Asian markets, crude drop on China Covid unrest

Asian stocks sink again as inflation panic grips world markets


HONG KONG: Equity markets tumbled again Tuesday to extend a global rout fuelled by fears of recession, with the Federal Reserve preparing to ramp up interest rates as inflation shows no sign of slowing.

Panic has swept through trading floors since data on Friday showed US consumer prices rising at their fastest pace in a generation owing to a spike in energy and food costs caused by the Ukraine war, China’s lockdowns and supply chain snarls.

All assets are feeling the pain, with Bitcoin threatening to drop below $20,000 for the first time since December 2020, currencies tumbled against the U.S. dollar, and even safe-haven assets including the Japanese yen and gold were squeezed.

Investors are now focusing on Wednesday’s Fed rate decision as it struggles between containing inflation and trying to keep the economy on track.

Danielle DiMartino Booth of Quill Intelligence said: “While tightening policy in a recession is no easy task, the Fed will have to show its willingness to raise rates by more than 0.5 percentage points at its upcoming meeting if inflation continues to surprise the Fed on the upside. “

But JPMorgan Asset Management warned: “While there is no doubt that inflation is a considerable challenge for the U.S. at this point, hitting the brakes too hard could throw the economy off course.”

Ahead of Friday’s news, expectations for a 50-basis-point rate hike were a signal of more to come at the next few meetings. But analysts now say officials have a one-in-three chance of announcing a three-quarters hike, with some even forecasting a one-point increase.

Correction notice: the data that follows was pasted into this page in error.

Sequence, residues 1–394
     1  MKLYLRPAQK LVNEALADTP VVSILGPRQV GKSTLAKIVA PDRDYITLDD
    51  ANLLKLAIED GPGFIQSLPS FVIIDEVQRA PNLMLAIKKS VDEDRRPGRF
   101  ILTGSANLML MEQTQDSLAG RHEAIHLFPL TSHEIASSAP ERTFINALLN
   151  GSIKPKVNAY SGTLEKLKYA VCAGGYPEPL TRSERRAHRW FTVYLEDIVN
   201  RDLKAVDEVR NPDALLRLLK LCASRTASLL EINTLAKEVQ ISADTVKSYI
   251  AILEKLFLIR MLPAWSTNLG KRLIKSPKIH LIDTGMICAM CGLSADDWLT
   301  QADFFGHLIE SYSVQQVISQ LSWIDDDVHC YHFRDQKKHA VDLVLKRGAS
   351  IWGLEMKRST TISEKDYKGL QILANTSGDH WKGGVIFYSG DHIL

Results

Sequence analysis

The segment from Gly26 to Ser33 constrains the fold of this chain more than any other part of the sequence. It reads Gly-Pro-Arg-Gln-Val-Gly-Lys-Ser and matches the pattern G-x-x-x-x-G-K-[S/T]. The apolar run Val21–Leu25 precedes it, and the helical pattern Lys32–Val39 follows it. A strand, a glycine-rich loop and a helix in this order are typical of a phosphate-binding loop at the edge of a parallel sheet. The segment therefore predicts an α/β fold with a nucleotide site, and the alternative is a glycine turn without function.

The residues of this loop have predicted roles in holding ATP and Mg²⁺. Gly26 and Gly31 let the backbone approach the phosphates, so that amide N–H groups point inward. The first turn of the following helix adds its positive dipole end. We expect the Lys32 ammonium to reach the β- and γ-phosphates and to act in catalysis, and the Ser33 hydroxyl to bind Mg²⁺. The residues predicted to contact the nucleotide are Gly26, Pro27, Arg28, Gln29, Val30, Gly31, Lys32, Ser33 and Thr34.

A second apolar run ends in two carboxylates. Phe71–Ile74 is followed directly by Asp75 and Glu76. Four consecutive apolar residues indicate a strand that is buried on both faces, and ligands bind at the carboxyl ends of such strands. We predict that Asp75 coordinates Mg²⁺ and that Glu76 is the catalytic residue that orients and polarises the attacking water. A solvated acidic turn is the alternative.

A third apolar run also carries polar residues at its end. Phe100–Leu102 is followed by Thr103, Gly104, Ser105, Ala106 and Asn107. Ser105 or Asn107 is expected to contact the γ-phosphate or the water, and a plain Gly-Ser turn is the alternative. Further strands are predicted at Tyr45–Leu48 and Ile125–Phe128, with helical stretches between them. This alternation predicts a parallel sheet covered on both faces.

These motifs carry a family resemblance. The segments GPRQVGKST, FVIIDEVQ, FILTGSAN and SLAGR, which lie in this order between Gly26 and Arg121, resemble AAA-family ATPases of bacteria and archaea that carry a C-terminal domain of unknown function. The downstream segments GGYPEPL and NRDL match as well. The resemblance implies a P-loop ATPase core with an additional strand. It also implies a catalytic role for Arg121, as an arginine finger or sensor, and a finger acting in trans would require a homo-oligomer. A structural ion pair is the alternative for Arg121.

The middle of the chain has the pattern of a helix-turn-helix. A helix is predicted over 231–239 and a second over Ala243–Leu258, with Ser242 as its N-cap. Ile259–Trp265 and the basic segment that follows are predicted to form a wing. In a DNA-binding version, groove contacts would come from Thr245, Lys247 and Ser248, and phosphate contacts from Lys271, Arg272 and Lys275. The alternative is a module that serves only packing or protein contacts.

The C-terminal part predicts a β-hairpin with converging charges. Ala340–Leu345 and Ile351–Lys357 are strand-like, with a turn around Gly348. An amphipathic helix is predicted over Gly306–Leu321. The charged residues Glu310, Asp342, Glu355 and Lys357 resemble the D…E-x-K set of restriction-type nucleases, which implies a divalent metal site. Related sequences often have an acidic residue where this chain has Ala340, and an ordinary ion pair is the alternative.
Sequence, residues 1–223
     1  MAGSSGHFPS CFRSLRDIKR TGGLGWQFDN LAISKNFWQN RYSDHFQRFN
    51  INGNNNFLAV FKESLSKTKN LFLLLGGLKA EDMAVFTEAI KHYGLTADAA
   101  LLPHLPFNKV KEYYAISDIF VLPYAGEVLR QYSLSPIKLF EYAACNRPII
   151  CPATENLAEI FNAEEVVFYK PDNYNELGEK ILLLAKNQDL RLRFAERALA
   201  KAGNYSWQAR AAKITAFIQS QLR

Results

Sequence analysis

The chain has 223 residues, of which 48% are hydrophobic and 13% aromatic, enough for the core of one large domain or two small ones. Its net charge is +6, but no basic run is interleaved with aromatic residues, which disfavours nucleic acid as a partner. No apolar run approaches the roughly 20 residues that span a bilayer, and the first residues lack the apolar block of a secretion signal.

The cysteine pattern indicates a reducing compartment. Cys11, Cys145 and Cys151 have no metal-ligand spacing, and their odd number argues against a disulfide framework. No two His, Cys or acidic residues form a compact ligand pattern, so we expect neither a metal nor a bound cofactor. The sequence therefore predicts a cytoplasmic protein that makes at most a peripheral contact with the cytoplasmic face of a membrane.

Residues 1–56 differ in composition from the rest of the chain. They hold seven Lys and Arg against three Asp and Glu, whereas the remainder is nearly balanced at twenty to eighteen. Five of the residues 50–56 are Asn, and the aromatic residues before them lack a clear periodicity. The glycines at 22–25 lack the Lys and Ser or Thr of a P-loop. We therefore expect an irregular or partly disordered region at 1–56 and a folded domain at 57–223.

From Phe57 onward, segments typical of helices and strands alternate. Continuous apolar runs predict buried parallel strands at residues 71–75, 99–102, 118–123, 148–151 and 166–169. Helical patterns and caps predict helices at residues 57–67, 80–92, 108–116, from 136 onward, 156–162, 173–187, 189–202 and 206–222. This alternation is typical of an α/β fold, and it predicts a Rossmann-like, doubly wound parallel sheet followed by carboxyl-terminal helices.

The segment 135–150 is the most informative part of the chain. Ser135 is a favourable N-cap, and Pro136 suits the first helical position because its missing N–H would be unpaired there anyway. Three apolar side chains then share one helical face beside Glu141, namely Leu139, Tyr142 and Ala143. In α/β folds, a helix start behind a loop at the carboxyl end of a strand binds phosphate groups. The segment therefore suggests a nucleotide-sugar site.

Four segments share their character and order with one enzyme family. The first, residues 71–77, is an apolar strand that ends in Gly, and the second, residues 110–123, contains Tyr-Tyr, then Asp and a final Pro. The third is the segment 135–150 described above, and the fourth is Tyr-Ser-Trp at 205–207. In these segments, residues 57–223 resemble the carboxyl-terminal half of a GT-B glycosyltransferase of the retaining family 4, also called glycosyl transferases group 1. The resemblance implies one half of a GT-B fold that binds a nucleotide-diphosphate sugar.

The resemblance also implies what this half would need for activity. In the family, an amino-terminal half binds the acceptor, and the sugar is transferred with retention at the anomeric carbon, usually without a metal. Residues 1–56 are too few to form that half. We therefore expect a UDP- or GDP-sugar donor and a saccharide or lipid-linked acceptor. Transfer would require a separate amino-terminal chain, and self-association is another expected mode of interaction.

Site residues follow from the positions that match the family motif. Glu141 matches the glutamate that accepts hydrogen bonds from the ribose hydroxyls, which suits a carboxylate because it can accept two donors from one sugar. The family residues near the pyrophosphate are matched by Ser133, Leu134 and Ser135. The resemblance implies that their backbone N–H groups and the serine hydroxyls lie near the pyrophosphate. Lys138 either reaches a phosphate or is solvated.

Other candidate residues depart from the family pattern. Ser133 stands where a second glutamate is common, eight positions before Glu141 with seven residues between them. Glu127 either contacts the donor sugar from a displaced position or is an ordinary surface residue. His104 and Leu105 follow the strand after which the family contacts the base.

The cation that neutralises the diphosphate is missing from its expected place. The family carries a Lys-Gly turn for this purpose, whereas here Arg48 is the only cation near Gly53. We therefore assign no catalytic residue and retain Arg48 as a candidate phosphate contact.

That fueled fears that the world’s largest economy is heading for a recession, with Wall Street plunging on Monday and the broad-based S&P 500 tumbling into a bear market after falling more than 20% from its recent peak.

The sell-off in Asia continued, with Sydney, which reopened after the holiday weekend to catch up to Monday’s drama, falling 5% at one point, while Tokyo fell about 2% and Wellington fell more than 3%.

Hong Kong, Shanghai, Seoul, Singapore, Taipei and Manila were also in deep losses.

Commentators warned that the Fed was in a tough spot on Wednesday’s actions. The decision to raise rates by more than 0.50 percentage point could signal its determination to eventually beat inflation, but it would also damage its credibility by confusing officials’ signals to traders.

“Once the Fed starts going into the ’75s, it’s hard to stop, and that combined with the Fed’s outcome-based approach to inflation feels like it could lead to a recession,” said Evercore ISI’s Krishna Guha and Peter Williams.

Bets on a more aggressive approach sent the dollar soaring against other currencies, hitting a 24-year high against the yen on Monday and the Indian rupee hitting a record high.

Both sectors recovered some of their losses but remained under heavy pressure, while the euro was in danger of hitting two-year lows. Sterling is at its lowest level in two years.

Bitcoin remains on fire, hitting $20,823 for the first time since December 2020, while news that crypto lending platform Celsius Network has suspended withdrawals due to volatile conditions intensified the sell-off. The announcement raised concerns about possible contagion from other companies.

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